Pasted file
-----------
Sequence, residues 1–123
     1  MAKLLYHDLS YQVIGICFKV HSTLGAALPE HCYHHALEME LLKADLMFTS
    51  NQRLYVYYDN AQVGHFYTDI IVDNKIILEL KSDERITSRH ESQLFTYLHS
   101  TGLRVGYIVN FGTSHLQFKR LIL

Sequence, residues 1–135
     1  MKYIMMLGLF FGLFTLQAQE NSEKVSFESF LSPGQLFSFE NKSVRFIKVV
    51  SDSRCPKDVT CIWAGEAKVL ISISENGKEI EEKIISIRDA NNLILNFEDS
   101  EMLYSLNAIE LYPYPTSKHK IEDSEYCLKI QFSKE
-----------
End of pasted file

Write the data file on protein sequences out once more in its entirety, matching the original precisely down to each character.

Sequence, residues 1–123
     1  MAKLLYHDLS YQVIGICFKV HSTLGAALPE HCYHHALEME LLKADLMFTS
    51  NQRLYVYYDN AQVGHFYTDI IVDNKIILEL KSDERITSRH ESQLFTYLHS
   101  TGLRVGYIVN FGTSHLQFKR LIL

Sequence, residues 1–135
     1  MKYIMMLGLF FGLFTLQAQE NSEKVSFESF LSPGQLFSFE NKSVRFIKVV
    51  SDSRCPKDVT CIWAGEAKVL ISISENGKEI EEKIISIRDA NNLILNFEDS
   101  EMLYSLNAIE LYPYPTSKHK IEDSEYCLKI QFSKE